Alder Hey staff reach target to teach 1,000 children and teenagers life-saving skills on Restart a Heart Day

Alder Hey staff reach target to teach 1,000 children and teenagers life-saving skills on Restart a Heart Day

Alder Hey staff reach target to teach 1,000 children and teenagers life-saving skills on Restart a Heart Day

16th Oct 2018

Life-saving CPR skills were taught to children and teenagers at Alder Hey Children’s Hospital and schools across Merseyside as part of World Restart a Heart Day.

World Restart a Heart Day is an annual event, which aims to train as many people as possible in CPR in one day.

It is a joint campaign organised by the British Heart Foundation, Resuscitation Council (UK), British Red Cross, St John Ambulance and ambulance trusts and fire and rescue services across the UK.

Staff at Alder Hey taught CPR to teachers at schools across Merseyside and then supported them in leading group sessions to pupils on the day.

Dr Ronx, the newest presenter on CBBC’s Operation Ouch!, also joined resuscitation officers in the atrium of Alder Hey to help teach essential skills to children and teenagers.

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Deputy Director of Health Care Professionals at Alder Hey Rob Griffiths said: “There are more than 30,000 out of hospital cardiac arrests each year.

“We know that when basic life support is performed prior to the emergency services arriving that victims’ not only have a greater chance of survival, but also a greater chance of leaving hospital without any permanent injury.

“By teaching the next generation these life-saving skills we are increasing the chance of having somebody in the right place at the right time when it really matters.”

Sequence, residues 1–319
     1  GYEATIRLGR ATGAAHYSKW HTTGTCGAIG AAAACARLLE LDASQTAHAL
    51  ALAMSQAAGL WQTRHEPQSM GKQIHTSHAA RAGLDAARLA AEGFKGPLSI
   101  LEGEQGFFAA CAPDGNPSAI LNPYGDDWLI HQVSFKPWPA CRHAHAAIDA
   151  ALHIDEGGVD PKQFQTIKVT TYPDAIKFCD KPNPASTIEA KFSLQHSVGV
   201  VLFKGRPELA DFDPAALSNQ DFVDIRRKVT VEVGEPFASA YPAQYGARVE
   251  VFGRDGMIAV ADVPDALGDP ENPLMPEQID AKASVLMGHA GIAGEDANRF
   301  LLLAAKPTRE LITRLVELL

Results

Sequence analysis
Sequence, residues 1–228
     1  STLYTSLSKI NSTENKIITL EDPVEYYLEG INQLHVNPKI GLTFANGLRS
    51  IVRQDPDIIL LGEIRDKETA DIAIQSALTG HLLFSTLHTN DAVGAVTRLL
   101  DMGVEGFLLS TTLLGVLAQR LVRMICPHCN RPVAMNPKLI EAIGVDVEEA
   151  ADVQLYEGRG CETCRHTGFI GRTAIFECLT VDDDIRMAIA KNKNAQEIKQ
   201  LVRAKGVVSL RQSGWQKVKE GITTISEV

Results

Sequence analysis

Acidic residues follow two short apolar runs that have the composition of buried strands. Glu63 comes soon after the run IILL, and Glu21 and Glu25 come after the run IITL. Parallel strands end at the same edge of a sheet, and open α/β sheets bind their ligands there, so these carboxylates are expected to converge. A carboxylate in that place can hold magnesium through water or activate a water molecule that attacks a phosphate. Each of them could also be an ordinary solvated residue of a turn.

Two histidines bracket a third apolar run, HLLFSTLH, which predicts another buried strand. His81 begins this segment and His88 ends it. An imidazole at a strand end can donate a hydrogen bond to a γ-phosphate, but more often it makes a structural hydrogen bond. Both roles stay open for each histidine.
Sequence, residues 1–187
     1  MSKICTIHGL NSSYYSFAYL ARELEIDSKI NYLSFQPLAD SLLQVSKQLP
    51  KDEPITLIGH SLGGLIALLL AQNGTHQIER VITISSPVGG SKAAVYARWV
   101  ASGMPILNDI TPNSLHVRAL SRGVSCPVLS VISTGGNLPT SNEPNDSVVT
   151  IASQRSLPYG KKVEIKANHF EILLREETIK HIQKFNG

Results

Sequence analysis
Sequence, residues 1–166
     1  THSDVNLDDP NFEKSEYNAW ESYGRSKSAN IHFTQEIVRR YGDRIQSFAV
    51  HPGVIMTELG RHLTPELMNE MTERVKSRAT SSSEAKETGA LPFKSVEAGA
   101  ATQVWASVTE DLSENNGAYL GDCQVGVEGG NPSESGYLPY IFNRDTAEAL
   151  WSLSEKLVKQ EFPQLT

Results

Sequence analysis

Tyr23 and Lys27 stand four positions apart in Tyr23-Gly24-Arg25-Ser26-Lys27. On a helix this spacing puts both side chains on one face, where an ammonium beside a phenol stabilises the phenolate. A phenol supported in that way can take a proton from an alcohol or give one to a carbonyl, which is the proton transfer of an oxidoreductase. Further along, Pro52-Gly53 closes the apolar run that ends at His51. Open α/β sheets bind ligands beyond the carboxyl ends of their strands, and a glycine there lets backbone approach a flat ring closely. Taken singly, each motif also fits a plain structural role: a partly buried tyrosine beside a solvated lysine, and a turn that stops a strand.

A cardiac arrest happens when a person’s heart suddenly stops pumping blood around their body, usually due to a problem with sending electrical signals to the heart.

This means the heart stops pumping blood and the brain is starved of oxygen, causing the person to fall unconscious and stop breathing.

The chance of survival for patients who have a cardiac arrest without a bystander available to attempt CPR is almost zero. Watch our 'How to do CPR' video below:

                                         

Chief Executive of the British Heart Foundation Simon Gillespie said: “Survival rates from out-of-hospital cardiac arrests in the UK are shockingly low, with less than one in ten people surviving. Not enough people have the skills and confidence to perform CPR and sadly this is costing thousands of lives every year.

“A cardiac arrest is the ultimate medical emergency and the worst thing you can do is nothing. CPR really can mean the difference between life and death so we need to ensure that many more people are trained in CPR.”

He added: “We want everyone to know how to save a life. We are continually looking for new ways to show the public that stepping in and doing something is far better than doing nothing.”

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